Rock star documentaries often gain their drama from the self-destructiveness of their subjects. Fame magnifies personal flaws too brightly and the star gets burnt out. This one, by Rob Epstein & Jeffrey Friedman, is lovingly different. The Linda Ronstadt seen here has a soccer mom like determination to do things well. When tragedy strikes, in the form of Parkinson’s Disease, the tear jerker is in the final scene. Ronstadt, a woman who has always pushed herself to be a better singer, struggles to hit the notes of the simple songs of her childhood.
Ronstadt, rising to fame in the late 60s and 70s, was one of the most successful female singers of all time. She achieved 5 multi-platinum albums in a row and ten Grammys, earning her the quote of being ‘The Beyonce of her times’. That might be a little misleading though she was the highest earning female star of her era. Her focus on more languid ballads and lack of showmanship on stage probably won’t make the Bey hive buzz. Her true brilliance was her genre spanning breadth. She was one of the few artists to have concurrent hits in the rock, pop, R&B and country charts. After conquering those she pushed herself into musicals and operetta taking a Tony and a Golden Globe. At the height of her career she ‘came out’ as being of Mexican heritage and recorded Spanish language songs, bringing her a Latin Grammy Lifetime achievement award.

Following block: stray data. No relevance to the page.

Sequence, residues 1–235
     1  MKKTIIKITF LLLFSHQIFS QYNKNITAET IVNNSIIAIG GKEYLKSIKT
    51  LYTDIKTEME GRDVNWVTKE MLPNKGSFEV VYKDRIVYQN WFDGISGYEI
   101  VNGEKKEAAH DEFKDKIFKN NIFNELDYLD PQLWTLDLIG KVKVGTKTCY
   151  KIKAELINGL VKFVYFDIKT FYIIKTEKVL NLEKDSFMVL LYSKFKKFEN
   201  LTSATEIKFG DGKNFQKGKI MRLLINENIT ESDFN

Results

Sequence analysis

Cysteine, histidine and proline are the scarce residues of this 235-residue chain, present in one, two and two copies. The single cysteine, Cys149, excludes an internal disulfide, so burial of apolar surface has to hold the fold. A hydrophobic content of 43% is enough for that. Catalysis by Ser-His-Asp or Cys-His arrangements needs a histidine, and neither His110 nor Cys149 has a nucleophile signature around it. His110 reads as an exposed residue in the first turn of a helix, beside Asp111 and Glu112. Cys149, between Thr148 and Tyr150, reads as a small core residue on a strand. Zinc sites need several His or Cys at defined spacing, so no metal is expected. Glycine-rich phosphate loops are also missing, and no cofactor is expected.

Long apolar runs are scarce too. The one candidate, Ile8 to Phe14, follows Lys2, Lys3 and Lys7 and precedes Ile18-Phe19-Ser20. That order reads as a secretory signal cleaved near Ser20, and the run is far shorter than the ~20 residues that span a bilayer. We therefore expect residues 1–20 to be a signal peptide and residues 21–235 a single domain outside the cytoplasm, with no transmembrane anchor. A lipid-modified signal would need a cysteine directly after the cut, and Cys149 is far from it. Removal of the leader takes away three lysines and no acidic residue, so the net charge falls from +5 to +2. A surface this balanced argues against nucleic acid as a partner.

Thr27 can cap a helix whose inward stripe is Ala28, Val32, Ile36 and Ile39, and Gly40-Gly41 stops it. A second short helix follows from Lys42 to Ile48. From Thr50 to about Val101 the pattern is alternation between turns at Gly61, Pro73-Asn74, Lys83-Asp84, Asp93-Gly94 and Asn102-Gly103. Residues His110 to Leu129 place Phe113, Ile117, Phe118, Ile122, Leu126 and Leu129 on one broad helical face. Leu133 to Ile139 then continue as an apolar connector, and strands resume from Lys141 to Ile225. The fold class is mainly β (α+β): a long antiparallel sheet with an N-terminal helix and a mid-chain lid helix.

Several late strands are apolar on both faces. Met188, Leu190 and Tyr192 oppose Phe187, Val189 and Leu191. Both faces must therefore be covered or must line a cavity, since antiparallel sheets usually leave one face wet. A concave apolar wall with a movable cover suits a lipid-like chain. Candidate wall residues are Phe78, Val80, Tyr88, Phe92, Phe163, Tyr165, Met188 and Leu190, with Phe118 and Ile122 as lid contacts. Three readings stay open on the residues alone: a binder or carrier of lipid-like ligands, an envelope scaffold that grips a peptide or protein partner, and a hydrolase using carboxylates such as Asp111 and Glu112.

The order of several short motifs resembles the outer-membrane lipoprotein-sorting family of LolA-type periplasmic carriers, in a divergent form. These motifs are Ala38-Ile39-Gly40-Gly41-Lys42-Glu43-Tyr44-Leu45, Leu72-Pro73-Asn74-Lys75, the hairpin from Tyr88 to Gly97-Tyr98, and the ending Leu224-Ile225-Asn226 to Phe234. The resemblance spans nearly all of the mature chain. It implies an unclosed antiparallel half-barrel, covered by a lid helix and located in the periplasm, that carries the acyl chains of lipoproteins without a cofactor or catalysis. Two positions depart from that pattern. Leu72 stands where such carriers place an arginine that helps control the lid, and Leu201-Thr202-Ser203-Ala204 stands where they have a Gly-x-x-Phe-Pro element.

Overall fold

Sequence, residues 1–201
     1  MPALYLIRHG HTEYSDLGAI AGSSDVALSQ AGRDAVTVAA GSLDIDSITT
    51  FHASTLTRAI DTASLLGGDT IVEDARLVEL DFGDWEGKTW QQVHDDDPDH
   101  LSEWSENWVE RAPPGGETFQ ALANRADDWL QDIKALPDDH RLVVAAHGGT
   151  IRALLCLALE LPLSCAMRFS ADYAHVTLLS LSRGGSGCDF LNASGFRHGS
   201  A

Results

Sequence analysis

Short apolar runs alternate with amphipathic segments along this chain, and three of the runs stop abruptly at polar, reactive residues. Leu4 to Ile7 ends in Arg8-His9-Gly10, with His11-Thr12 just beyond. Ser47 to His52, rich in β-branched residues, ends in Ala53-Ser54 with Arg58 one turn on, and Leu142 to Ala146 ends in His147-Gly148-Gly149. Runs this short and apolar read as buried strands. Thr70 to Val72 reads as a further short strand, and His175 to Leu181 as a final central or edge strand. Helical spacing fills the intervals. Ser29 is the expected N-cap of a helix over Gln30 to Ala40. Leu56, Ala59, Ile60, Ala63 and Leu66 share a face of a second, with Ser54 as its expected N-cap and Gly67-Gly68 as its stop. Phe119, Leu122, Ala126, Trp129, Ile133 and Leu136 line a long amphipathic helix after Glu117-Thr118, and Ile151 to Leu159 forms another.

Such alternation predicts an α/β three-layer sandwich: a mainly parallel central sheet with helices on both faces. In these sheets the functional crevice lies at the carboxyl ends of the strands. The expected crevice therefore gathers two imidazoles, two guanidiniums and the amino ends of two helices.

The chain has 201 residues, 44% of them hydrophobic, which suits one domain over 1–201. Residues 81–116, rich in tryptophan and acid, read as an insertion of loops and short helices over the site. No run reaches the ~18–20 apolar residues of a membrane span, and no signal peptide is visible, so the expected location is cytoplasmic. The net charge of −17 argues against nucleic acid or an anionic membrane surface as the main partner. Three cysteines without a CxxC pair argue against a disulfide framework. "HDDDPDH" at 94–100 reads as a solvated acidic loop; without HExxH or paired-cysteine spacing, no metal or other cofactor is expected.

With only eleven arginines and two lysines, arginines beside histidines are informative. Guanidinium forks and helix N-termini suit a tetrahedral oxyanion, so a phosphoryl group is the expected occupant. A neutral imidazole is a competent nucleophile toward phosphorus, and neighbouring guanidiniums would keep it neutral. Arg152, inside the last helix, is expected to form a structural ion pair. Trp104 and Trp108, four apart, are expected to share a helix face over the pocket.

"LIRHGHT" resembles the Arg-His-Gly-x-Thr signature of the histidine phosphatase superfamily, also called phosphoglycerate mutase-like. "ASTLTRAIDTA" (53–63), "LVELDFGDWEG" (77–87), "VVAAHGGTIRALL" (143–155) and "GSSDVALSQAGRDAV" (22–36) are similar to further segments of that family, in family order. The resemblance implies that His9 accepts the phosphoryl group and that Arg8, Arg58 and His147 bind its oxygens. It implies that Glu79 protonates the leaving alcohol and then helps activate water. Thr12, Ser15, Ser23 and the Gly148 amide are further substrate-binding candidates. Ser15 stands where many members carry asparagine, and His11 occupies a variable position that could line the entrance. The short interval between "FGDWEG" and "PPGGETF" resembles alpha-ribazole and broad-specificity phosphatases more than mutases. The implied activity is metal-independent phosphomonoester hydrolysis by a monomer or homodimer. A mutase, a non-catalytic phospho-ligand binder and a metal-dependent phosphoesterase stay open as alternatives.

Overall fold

Born in an isolated town she grew up with music as her main companion. She was from a musical family and started her career playing in a trio with her brothers. On moving to LA she discovered the hot industry scene at the Troubadour. Eventually she became a central figure in the hybrid folk, country and rock sound that dominated until the disco revolution
With Ronstadt playing such a genre crossing role it does make the documentary reminiscent of one of those “Sounds of the 60, 70s, or 80s” infomercials. The fulsome testimonials from stars such as Dolly Parton and grey haired music industry execs reinforce this. But it triumphs as a showcase of Ronstadt’s legacy and the slickness comes from Epstein and Friedman’s craftsmanship rather than superficiality. Particularly the use of stills is outstanding, beating many a documentary that is about photography.
The Sound of My Voice will be a touching discovery for those who do not know Ronstadt’s work and a fitting tribute for fans that do. Ronstadt is not the stereotype wild child of rock but has ended up achieving something more meaningful than notoriety
Review by Andrew Hebden
Queerguru Correspondent Andrew Hebden is a MEDIA & CULTURAL STUDIES graduate spending his career between London, Beijing and NYC as an expert in media and social trends. As part of the expanding minimalist FIRE movement he recently returned to the UK and lives in Soho. He devotes as much time as possible to the movies, theatre and the gym. His favorite thing is to try something (anything) new every day.